NEW YORK — Adam Dunn, who repeatedly has said he would walk away from the game when it’s no longer fun, isn’t having much — if any — this season.
Who associated with the White Sox could be?
Dunn has said throughout the losses that he enjoys the competition and he repeated that Tuesday night.
“It’s just tough losing when you have such high expectations,’’ he told reporters.
The topic was revisited because of a column by Fox Sports’ Ken Rosenthal headlined “Dunn may be done after the season.” Dunn told Rosenthal before the game that he wouldn’t come back only for the $15 million left on his contract and that early retirement wouldn’t be out of the question.
“Obviously winning solves everything,’’ Dunn said after the Sox blew a late three-run lead and lost 6-4 to the New York Yankees for their fifth defeat in a row. “Because the expectations were so high, in the clubhouse for sure, this has been one of the most disappointing years I can remember.’’
The bottom line: Dunn doesn’t want to be part of a total rebuild, which isn’t what the Sox plan to do. He told the Sun-Times three weeks ago he wouldn’t care to return to the Sox next season if another bad year like this one or a rebuilding effort by management was in the works. He also said he expects the Sox to be more competitive next season.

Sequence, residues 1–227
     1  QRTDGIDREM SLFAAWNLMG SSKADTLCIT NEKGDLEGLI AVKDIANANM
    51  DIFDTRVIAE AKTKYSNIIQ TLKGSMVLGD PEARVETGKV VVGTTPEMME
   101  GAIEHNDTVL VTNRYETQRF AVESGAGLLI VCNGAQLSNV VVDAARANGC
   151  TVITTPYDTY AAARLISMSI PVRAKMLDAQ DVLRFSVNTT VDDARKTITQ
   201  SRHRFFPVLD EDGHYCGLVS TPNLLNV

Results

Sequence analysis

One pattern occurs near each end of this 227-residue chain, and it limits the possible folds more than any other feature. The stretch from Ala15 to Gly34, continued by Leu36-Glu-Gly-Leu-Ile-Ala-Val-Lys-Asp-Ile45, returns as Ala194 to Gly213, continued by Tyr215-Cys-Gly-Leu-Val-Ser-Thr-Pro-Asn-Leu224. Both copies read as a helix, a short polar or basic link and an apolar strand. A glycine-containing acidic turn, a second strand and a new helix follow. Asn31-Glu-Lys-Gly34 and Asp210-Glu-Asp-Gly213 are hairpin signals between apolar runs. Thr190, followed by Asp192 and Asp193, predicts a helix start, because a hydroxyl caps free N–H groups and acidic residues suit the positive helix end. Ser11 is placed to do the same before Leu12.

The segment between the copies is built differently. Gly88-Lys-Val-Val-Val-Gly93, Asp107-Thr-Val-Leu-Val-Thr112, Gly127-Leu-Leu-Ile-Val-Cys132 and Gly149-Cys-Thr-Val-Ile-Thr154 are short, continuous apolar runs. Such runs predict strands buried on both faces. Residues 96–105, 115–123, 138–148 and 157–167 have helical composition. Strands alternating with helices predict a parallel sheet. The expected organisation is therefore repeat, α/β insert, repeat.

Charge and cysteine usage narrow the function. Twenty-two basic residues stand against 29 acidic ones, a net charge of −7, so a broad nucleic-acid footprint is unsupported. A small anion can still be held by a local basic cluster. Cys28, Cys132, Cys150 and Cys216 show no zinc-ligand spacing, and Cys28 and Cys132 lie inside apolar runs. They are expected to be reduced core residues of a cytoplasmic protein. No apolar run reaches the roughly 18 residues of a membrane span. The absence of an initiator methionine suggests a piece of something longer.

Asked after the game if he is considering retirement, Dunn said
“As of right now it’s a no. I think we went down this road before. The day that I quit having fun and quit enjoying making a struggle to come to the ballpark or not enjoying the competition out there is the day I will go home, whether it be tomorrow, whether it be 10 years now.
“Our expectations were high in here and for things to work out like they have are very disappointing.
“Next year? We’ve got a bunch of games left now. Last thing I want to do is think about next year. I want to get through this one and kind of enjoy the offseason.”
Manager Robin Ventura said he expects Dunn to play next season. Dunn probably isn’t the only White Sox who has been beaten down emotionally by a 56-81 season.
It’s certainly not out of the question that general manager Rick Hahn will explore trades for Dunn, but his contract is steep even though his offensive production hasn’t been bad.